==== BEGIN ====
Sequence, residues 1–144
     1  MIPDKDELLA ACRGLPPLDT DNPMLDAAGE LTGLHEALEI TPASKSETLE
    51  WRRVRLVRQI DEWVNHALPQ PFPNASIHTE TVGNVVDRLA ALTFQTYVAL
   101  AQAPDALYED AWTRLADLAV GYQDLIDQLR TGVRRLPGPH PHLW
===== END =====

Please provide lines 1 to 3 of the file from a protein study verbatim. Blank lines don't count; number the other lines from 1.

Sequence, residues 1–144
     1  MIPDKDELLA ACRGLPPLDT DNPMLDAAGE LTGLHEALEI TPASKSETLE
    51  WRRVRLVRQI DEWVNHALPQ PFPNASIHTE TVGNVVDRLA ALTFQTYVAL